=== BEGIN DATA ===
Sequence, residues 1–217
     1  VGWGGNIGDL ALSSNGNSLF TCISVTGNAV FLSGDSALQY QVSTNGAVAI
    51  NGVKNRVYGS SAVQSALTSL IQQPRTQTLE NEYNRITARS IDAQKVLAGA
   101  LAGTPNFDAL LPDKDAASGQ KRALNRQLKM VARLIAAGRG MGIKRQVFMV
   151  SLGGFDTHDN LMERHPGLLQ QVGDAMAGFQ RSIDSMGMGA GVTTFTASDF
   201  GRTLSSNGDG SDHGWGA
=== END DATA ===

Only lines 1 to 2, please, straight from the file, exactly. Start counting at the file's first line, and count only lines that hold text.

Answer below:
Sequence, residues 1–217
     1  VGWGGNIGDL ALSSNGNSLF TCISVTGNAV FLSGDSALQY QVSTNGAVAI